In the third lecture/session entitled “Dynamics of Identity, Culture, Politics and Economics as Bases for Political Boundaries”, Prof. Ponciano Bennagen provided an anthropological perspective on establishing political boundaries. He posed the question, “Is political identity based on ethnolinguistic attributes really necessary in the consideration of political boundaries for multi-level governance within the nation-state?” In other words, what drives ethnoliguistic groups, as collective identities-in-themselves, to become collective identities-for-themselves to the extent of engaging in long, drawn-out struggles (either armed or unarmed) to have their own legally-recognized territories for self-governance?
Read Prof. Bennagen's paper here.
Bennagen’s part is to trace the transition from natural autonomy to constitutionalized autonomy in a broad span of about 30,000 to 70,000 years. According to him, what we are having is just a manifestation of the template in what is referred to by one author as the cognitive revolution. We need a new kind of cognitive revolution that “comes from a cultural revolution duly informed by greater scientific understanding of probabilistice and paradoxical human nature within a rapidly changing world.” According to him, this requires concerted planning to produce enduring, efficient and effective institutions. It also means looking at history and best practices.
In the fourth lecture/session “Moro Case: Right to Self-Determination and Boundaries of Autonomy and Federalism”, Atty. Randolph Parcasio narrated that the proposed Mindanao federal state is based on the centuries-old demand of the Bangsamoro people for their right to self-determination. He added that federalism could serve as a peace formula as it will rectify historical injustice and restore peace in Mindanao. He then presented some historical background on the Moro federal state, to wit: (a) pre-colonial Mindanao was an independent nation with economic ties and trade relations with neighboring Asian nations; (b) by the 16th Century, four Moro states already existed (Sultanate of Sulu, Sultanate of Maguindanao, Buayan Sultanate and Apat na Pangampong in Lanao); and, (c) during the Spanish-American War of 1898, all three competing powers - Aquinaldo's revolutionary government, the Kingdom of Spain, and the U.S. government, acknowledged that the Moros were not part of the Philippines.
Download Atty. Parcasio's presentation here.
Additional historical basis for the Federal State of Mindanao were also presented during the fourth session. These included: (a) Mindanao was a Moro Province; (b) Declaration of Mindanao Independence of Datu Udtog Matalam; (c) the war for independence of the MNLF; (d) the Mindanao Independent Movement led by Ruben Canoy; and, (e) the Movement for Independence by One People Mindanao (OPM). Atty. Parcasio also cited that Mindanao is composed of provinces, cities, municipalities and geographical areas sharing common and distinctive historical and cultural heritage, economic and social structure as cultural and socio- economic bases for being a separate federal state.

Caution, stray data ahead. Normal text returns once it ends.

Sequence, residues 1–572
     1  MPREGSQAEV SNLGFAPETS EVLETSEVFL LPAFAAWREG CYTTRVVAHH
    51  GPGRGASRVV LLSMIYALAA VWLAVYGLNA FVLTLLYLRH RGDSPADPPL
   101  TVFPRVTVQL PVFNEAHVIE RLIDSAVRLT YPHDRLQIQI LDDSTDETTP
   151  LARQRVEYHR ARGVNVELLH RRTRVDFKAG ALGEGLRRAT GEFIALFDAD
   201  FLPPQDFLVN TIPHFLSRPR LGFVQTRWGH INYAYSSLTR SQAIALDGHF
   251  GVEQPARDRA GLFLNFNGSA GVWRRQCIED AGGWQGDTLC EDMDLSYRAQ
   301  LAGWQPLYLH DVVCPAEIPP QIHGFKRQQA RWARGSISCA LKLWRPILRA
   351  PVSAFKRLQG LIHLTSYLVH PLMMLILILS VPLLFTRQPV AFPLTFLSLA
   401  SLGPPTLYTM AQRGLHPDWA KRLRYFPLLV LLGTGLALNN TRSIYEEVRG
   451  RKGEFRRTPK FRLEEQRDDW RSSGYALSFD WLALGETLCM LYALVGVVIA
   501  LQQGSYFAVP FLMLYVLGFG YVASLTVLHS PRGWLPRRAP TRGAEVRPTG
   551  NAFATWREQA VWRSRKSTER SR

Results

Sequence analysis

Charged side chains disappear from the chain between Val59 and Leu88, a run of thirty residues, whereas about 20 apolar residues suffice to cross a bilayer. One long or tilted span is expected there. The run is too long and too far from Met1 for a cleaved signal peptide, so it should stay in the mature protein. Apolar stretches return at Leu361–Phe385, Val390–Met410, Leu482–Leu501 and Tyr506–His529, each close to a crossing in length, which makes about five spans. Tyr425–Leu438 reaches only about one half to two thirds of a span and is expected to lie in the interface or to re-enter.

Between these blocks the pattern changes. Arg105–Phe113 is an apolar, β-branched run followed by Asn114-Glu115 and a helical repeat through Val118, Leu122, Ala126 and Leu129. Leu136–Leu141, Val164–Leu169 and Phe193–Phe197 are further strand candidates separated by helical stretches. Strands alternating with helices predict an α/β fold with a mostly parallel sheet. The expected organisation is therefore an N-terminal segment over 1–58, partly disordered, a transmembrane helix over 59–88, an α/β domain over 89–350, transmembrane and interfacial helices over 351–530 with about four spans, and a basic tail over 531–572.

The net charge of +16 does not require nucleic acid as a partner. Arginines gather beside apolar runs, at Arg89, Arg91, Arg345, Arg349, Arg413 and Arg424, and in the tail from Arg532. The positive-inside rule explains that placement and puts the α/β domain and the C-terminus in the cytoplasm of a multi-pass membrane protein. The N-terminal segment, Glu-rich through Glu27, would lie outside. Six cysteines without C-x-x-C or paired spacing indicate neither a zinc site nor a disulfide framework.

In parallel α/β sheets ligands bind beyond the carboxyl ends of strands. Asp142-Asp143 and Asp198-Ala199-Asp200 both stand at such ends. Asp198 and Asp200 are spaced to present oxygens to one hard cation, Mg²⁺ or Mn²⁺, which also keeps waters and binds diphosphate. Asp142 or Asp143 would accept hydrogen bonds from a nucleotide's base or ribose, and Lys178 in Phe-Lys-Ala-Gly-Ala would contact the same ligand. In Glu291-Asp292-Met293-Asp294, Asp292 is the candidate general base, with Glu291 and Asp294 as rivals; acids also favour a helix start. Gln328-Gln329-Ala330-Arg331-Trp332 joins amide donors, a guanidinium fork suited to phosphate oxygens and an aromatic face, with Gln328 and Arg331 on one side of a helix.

Atty. Parcasio stressed that among the primary reasons for the continued armed struggle of the Moros were: 1) U.S. government’s unilateral abrogation of the Bates Treaty In 1904, a treaty previously signed by the US and the Sultanate of Sulu, acknowledging the Moros independence and specifically guaranteeing respect of the identity and integrity of the Sulu Sultanate; 2) The issuance of PD 1618 by Pres. Marcos which established two autonomous regions: Region IX (Sulu, Tawi-Tawi, Basilan, Zamboanga del Norte, and Zamboanga del Sur) and Region XII (Lanao del Norte, Lanao del Sur, North Cotabato, Maguindanao, and Sultan Kudarat) which the MNLF believed was a violation of the 1976 Tripoli agreement; 3) The passage of RA 6734 creating the ARMM which the MNLF again believed that it violated the Tripoli Agreement (the ensuing plebiscite reduced the Bangsamoro homeland to four provinces namely: Tawi-tawi, Sulu, Lanao del Sur and Maguindanao); and 4) The passage of another law, RA 9054 [An Act to Strengthen and Expand the Organic Act for the ARMM] which was again questioned by the MNLF despite the addition of Basilan as part of ARMM, because of its violation of the 1976 Tripoli Agreement and the 1996 Final Peace Agreement.
Atty. Parcasio also cited reform proposals suggested by the MNLF which included: (a) a federal republic composed of federal states namely: Luzon, Metro Manila, Visayas and Mindanao; (b) that if the system is bicameral – each state shall be represented equally in the Senate with 24 Senators each; and (c) that if the system is parliamentary, it must provide for direct vote for the president as head of state. The speaker concluded that to address the demand for self-determination and to finally settle the Mindanao problem, the Federal State of Mindanao should have the powers and authority as provided in the 1976 Tripoli Agreement, the 1996 Final Peace Agreement, RA 9054, the Comprehensive Agreement of the Bangsamoro and the Bangsamoro Basic Law. He added that as far as practicable, the same powers may also be applicable to the other federal states of the federal republic.